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Wednesday, 23 January 2013 14:30

Historian presents a factual story of Cleopatra

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book“Times are bad. Children no longer obey their parents, and everyone is writing a book.”

— Cicero, 106 B.C.

Stacy Schiff, a Pulitzer prize-winning historian and a guest editorialist for the New York Times, has written a fascinating historical biography of one of “the most alluring and elusive women in recorded history” — Cleopatra VII.

She was the last of a long list of Egyptian queens and pharaohs who lived in luxury, controlled a fabulous kingdom and murdered their enemies (including their own family) with impunity, a descendant of the Ptolemaic dynasty that ruled Egypt from the death of Alexander the Great (305 B. C.) until 30 B. C. It is a period of excessive cruelty and creativity and embodies a time when knowledge (the Alexandrian library was the greatest in the world), wealth and power co-existed, all of which made Alexandria “the greatest city on earth.”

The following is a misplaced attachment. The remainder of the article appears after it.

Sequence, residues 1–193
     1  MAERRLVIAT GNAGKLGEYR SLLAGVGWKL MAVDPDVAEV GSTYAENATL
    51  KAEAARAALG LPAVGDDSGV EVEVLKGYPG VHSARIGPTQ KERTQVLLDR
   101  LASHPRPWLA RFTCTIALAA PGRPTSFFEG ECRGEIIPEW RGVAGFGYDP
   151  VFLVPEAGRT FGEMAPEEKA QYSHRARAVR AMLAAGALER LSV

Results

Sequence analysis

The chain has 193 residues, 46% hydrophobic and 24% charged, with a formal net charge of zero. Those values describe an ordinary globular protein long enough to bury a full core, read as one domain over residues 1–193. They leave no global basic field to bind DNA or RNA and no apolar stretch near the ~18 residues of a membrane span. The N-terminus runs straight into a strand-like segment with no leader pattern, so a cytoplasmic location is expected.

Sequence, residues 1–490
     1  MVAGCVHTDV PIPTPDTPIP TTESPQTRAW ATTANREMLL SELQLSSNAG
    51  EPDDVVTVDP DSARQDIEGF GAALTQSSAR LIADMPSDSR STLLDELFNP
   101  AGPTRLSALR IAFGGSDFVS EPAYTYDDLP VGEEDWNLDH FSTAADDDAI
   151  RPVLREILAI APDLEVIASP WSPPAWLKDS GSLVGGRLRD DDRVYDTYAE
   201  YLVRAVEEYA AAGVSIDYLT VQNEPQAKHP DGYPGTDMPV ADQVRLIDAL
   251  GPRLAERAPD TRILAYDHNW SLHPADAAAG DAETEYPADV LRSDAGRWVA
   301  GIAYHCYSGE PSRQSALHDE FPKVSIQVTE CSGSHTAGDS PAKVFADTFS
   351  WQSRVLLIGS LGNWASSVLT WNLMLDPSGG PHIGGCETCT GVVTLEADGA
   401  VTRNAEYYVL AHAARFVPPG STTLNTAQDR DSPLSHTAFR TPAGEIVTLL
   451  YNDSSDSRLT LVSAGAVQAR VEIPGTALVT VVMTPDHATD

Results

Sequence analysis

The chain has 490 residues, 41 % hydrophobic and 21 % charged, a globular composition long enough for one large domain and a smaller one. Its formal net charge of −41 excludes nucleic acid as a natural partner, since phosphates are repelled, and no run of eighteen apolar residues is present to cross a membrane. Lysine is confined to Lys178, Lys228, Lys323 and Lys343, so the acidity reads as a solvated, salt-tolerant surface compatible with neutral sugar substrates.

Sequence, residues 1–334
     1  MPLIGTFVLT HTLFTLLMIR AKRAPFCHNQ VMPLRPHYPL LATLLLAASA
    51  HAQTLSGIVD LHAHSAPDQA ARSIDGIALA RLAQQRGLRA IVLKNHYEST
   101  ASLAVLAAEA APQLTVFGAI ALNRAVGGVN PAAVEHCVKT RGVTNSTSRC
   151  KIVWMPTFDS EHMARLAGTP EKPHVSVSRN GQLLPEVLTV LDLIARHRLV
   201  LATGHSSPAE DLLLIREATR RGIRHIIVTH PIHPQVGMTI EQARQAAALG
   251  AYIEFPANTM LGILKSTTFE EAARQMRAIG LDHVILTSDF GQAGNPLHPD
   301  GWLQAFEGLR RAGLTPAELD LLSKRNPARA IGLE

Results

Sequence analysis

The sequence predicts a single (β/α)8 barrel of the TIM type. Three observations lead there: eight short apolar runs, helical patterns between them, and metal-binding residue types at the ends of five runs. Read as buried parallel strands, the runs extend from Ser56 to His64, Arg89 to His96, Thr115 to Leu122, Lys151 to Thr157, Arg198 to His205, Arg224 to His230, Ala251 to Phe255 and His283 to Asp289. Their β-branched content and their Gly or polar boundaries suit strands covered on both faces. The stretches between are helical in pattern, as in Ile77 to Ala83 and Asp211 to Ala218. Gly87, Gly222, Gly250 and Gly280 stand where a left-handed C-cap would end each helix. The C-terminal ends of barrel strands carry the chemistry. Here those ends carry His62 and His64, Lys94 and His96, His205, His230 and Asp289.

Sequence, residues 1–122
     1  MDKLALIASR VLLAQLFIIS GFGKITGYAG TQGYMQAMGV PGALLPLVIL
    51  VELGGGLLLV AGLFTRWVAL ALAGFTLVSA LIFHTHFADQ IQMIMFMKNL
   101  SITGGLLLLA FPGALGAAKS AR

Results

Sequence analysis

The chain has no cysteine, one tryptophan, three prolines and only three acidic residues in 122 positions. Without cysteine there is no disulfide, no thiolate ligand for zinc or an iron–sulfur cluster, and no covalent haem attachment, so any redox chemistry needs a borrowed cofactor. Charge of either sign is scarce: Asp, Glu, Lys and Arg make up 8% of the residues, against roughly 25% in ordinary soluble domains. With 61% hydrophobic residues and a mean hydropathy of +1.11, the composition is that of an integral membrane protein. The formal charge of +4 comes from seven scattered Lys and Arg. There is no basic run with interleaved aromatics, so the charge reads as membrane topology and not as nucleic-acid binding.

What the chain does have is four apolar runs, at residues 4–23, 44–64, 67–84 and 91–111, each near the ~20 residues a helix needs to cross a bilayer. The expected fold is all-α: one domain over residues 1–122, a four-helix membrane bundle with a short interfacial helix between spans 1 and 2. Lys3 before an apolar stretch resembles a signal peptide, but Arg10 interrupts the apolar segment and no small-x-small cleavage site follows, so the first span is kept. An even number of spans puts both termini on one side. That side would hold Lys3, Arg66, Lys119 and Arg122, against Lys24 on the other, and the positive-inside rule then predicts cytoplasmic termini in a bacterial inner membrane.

According to Schiff, Cleopatra has been ill-served by everyone from “the lilac-eyed Elizabeth Taylor” to a host of historians, including Dellius, Plancus and Josephus, none of which knew their subject personally but readily accepted the wildly improbable stories that were repeated at the time, reports of Bacchanalian orgies and banquets that gave new meaning to the word gluttony.

Perhaps the Queen’s greatest enemy was the philosopher and orator Marcus Tullius Cicero, who developed a reputation for his scathing attacks on his enemies. (He appears to be a kind of Roman Walter Winchell.) Cicero devoted an amazing amount of time and talent (in both writing and oratory) to ridiculing Cleopatra and Mark Antony. Much of Rome and Egypt lived in fear of this noted senator’s witty diatribes on everything from bad taste in clothing to social misconduct of the rich and famous. As a result, Antony finally ordered his murder and requested that Cicero’s hands (which has written so many insults and lies) be returned to him. Antony’s wife, Flavia, demanded Cicero’s head and took pleasure in piercing the dead orator’s tongue with a pin.